Discount for seniors covers even burial services, SC rules

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INTERMENT services are covered by the 20-percent discount on funeral and burial expenses provided under Republic Act No. 7432 or the Senior Citizens Act, the Supreme Court has ruled.   

In an en banc decision penned by Associate Justice Rodil Zalameda, the Court reversed and set aside the January 18, 2018 and October 22, 2018 resolutions issued by the Regional Trial Court (RTC) of Cagayan de Oro City, which held  that interment services such as digging of land for the grave of deceased, the concreting of the gravesite, and other services done during the actual burial are excluded from the 20-percent Senior Citizens Act discount.    

The trial court’s ruling favored Pryce Corporation, Inc., a domestic corporation engaged in the business of selling memorial lots and offering interment services, in its petition for declaratory relief.   

The trial court agreed with the contention of Pryce that the Implementing Rules and Regulations (IRR) of RA 9994, or the Expanded Senior Citizens Act of 2010, only mentioned the services of purchase of casket or urn, embalming, hospital morgue, and transport of the body to the intended burial site among those covered by the discount.   

The government through the Office of the Solicitor General, the Office of the Senior Citizens Affairs, and the Department of Social Welfare and Development, however, brought the case before the SC and sought the reversal of the trial court’s decision.   

In ruling in favor of the government, the SC explained that  the Senior Citizens Act is a law created “to grant a bundle of benefits in favor of senior citizens or those at least 60 years old, giving flesh to the declared policy of motivating senior citizens to contribute to nation building and encouraging their families and communities to reaffirm the Filipino tradition of caring for the senior citizens.”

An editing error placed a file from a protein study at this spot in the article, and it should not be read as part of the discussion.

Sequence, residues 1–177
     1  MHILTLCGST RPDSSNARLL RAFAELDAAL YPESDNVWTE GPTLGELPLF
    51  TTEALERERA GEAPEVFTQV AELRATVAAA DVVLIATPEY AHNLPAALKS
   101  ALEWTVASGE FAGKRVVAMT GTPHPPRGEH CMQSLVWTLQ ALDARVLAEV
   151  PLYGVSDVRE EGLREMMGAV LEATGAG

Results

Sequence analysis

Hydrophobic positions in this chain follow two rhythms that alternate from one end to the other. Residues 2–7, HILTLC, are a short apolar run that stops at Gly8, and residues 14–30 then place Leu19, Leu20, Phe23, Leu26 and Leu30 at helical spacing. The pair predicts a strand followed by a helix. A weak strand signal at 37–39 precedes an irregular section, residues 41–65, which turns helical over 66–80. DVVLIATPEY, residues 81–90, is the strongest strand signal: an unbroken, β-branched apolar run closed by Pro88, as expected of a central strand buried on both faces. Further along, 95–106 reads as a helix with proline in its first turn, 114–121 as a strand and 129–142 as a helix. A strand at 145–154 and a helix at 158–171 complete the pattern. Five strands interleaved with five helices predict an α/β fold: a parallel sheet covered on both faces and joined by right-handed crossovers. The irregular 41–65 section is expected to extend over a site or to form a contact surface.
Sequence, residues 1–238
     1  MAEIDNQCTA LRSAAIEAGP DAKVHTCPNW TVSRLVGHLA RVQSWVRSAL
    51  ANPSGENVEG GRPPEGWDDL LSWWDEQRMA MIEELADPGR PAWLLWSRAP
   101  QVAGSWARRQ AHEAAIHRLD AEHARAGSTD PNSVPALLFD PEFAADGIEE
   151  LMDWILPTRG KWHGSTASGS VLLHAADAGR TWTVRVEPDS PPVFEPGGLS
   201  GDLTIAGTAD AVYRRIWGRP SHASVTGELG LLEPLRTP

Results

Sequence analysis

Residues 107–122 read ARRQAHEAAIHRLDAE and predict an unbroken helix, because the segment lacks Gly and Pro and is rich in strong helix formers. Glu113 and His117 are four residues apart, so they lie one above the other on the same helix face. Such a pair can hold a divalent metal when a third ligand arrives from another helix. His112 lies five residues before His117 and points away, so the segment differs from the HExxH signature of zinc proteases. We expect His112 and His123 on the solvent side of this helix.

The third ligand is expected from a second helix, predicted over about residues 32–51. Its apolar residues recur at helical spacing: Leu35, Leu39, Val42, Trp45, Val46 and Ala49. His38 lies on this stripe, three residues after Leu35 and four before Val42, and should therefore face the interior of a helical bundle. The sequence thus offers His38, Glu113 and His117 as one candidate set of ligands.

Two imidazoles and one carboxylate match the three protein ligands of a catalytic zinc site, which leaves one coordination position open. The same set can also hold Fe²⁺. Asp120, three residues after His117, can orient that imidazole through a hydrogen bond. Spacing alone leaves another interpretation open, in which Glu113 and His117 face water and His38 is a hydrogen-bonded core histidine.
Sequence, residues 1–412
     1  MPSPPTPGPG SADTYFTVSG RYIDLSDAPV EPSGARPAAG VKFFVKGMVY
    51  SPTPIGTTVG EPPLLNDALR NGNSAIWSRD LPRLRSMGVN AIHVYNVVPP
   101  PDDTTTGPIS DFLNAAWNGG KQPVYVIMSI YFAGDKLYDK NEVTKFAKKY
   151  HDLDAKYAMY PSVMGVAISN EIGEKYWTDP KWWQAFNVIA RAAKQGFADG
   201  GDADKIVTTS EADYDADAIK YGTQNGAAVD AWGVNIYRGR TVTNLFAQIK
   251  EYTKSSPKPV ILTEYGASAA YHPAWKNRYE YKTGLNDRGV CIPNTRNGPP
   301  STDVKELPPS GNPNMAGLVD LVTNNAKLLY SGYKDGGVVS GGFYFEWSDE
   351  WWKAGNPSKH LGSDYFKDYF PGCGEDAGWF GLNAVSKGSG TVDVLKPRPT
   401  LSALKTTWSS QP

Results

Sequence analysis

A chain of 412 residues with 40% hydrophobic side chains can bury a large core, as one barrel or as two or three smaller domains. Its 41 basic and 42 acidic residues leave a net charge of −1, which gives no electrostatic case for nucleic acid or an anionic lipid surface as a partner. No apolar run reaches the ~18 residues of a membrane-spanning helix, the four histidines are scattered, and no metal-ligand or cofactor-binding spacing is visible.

It pointed out  that both RA 9257 and RA 9994, in amending RA 7432, do not provide for an exact definition of the term “funeral and burial services” but  it would be unreasonable to assume  that Congress intended to exclude interment  services from the coverage of the law.    

Thus, the Court explained  that the said laws “do not limit the scope of the services falling under funeral and burial services.”   

It stressed  “burial service” pertains to any service offered or provided in connection with the final disposition, entombment, or interment of human remains.    

“It follows that burial services necessarily include interment services, such as digging the land for the deceased person’s grave, its concreting, and other services being done during the actual burial,” the Court said.   

The Court maintained that this interpretation was in line with the policies and objectives of the law, particularly of RA 9994 which echoes Section 4, Article XV of the Constitution declaring that “it is the duty of the family to take care of its elderly members while the state may design programs of social security for them.” 

Image credits: Mike Gonzalez via Wikimedia Commons CC BY-SA-3.0